The Red Pony by John Steinbeck
It had been a long time since I read any of John Steinbeck’s work, although I remember with great fondness being taken to Cannery Row in Monterey, California, USA when I visited my Aunt and Uncle, 40 years ago, at their home in 17 Mile Drive, Pebble Beach. I thought it was so exciting that there was such a place as Cannery Row. So when my mother recently gave me a collection of John Steinbeck novels, I decided to read The Red Pony first. It was a book I had not read but was by an author I hold in great esteem.
John Ernst Steinbeck, Jr. was an American author of twenty-seven books, including sixteen novels, six non-fiction books, and five collections of short stories. He was born in Salinas, California, USA on 26 February, 1902 and died on 20 December, 1968 in New York City, New York State, USA. He was educated at Salinas High School and Stanford University, California.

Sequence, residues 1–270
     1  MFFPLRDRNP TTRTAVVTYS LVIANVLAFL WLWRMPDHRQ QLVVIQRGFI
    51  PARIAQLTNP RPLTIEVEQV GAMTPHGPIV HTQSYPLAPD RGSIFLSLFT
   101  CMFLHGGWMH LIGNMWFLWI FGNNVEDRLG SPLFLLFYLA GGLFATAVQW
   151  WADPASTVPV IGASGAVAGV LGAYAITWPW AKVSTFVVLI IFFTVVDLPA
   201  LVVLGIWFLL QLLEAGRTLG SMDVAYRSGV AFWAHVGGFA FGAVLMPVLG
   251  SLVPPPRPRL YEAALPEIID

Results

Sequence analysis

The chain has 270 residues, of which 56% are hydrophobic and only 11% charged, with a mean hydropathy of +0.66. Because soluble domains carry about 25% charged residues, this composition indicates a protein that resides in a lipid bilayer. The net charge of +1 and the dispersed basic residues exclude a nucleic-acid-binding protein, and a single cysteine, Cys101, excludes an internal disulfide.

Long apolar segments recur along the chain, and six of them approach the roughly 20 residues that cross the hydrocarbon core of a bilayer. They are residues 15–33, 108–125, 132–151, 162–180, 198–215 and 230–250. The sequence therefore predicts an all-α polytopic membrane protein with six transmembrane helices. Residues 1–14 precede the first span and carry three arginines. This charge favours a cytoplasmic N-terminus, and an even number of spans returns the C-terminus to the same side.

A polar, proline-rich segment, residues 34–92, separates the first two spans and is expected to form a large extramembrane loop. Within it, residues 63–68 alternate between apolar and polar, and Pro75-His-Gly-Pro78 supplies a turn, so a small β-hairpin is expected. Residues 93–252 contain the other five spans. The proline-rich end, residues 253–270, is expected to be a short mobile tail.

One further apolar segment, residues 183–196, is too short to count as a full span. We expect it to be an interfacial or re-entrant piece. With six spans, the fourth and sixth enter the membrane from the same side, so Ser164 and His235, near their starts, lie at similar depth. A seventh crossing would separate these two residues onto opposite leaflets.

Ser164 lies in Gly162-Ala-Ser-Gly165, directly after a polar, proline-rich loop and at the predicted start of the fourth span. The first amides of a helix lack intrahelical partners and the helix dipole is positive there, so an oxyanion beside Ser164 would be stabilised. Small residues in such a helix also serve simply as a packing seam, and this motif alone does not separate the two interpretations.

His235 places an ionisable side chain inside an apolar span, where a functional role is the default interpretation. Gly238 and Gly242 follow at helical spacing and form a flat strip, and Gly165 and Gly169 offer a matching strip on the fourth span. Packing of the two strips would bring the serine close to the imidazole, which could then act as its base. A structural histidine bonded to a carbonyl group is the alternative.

The Red Pony is an episodic novella written by John Steinbeck in 1933. It tells of a school boy, Jody, who was raised on a ranch in northern California. He is well-schooled in the hard work and demands of a rancher’s life. Jody is used to the way of horses, too; but nothing has prepared him for the special connection he will forge with Gabilan, a hot-tempered pony his father gives him. Billy Buck, the hired hand, helps Jody tend and train the pony. Jody restlessly anticipates the moment he will sit high upon Gabilan’s saddle. But when Gabilan falls ill, Jody discovers there are still lessons he must learn about the ways of nature and, particularly, the ways of man.
The Red Pony reads like a collection of related short stories. It definitely does not feel like a complete novel with a plot, climax and satisfying finish. However, it paints a picture of early life on a ranch in California back in the day and, as with all John Steinbeck’s work, has as much going on beneath the surface as on the page.